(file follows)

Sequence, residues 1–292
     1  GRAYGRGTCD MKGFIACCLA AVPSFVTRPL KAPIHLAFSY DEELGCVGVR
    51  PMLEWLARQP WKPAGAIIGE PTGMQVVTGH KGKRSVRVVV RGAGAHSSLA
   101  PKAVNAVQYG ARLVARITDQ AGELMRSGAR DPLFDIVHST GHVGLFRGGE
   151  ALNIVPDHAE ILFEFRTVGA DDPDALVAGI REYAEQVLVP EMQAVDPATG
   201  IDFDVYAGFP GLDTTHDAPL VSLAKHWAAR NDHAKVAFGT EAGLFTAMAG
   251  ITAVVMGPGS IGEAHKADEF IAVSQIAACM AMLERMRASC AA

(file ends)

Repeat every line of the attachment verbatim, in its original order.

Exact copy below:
Sequence, residues 1–292
     1  GRAYGRGTCD MKGFIACCLA AVPSFVTRPL KAPIHLAFSY DEELGCVGVR
    51  PMLEWLARQP WKPAGAIIGE PTGMQVVTGH KGKRSVRVVV RGAGAHSSLA
   101  PKAVNAVQYG ARLVARITDQ AGELMRSGAR DPLFDIVHST GHVGLFRGGE
   151  ALNIVPDHAE ILFEFRTVGA DDPDALVAGI REYAEQVLVP EMQAVDPATG
   201  IDFDVYAGFP GLDTTHDAPL VSLAKHWAAR NDHAKVAFGT EAGLFTAMAG
   251  ITAVVMGPGS IGEAHKADEF IAVSQIAACM AMLERMRASC AA